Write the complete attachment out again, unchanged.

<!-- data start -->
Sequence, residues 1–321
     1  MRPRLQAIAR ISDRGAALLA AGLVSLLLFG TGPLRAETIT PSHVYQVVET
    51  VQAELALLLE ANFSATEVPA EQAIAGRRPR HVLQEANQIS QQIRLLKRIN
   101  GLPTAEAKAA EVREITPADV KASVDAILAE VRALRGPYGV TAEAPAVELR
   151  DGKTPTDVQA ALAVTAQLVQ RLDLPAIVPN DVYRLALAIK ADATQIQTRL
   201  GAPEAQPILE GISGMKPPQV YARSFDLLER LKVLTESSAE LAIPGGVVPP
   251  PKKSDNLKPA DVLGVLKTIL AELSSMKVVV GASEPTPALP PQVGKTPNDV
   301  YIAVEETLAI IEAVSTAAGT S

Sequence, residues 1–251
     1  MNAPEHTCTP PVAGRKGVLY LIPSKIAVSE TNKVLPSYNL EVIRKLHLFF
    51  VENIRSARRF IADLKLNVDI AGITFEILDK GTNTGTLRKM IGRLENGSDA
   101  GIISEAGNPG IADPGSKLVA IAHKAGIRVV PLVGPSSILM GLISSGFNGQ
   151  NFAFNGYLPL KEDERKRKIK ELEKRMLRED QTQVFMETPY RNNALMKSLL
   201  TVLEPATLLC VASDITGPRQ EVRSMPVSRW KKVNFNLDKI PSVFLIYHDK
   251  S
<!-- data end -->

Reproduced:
Sequence, residues 1–321
     1  MRPRLQAIAR ISDRGAALLA AGLVSLLLFG TGPLRAETIT PSHVYQVVET
    51  VQAELALLLE ANFSATEVPA EQAIAGRRPR HVLQEANQIS QQIRLLKRIN
   101  GLPTAEAKAA EVREITPADV KASVDAILAE VRALRGPYGV TAEAPAVELR
   151  DGKTPTDVQA ALAVTAQLVQ RLDLPAIVPN DVYRLALAIK ADATQIQTRL
   201  GAPEAQPILE GISGMKPPQV YARSFDLLER LKVLTESSAE LAIPGGVVPP
   251  PKKSDNLKPA DVLGVLKTIL AELSSMKVVV GASEPTPALP PQVGKTPNDV
   301  YIAVEETLAI IEAVSTAAGT S

Sequence, residues 1–251
     1  MNAPEHTCTP PVAGRKGVLY LIPSKIAVSE TNKVLPSYNL EVIRKLHLFF
    51  VENIRSARRF IADLKLNVDI AGITFEILDK GTNTGTLRKM IGRLENGSDA
   101  GIISEAGNPG IADPGSKLVA IAHKAGIRVV PLVGPSSILM GLISSGFNGQ
   151  NFAFNGYLPL KEDERKRKIK ELEKRMLRED QTQVFMETPY RNNALMKSLL
   201  TVLEPATLLC VASDITGPRQ EVRSMPVSRW KKVNFNLDKI PSVFLIYHDK
   251  S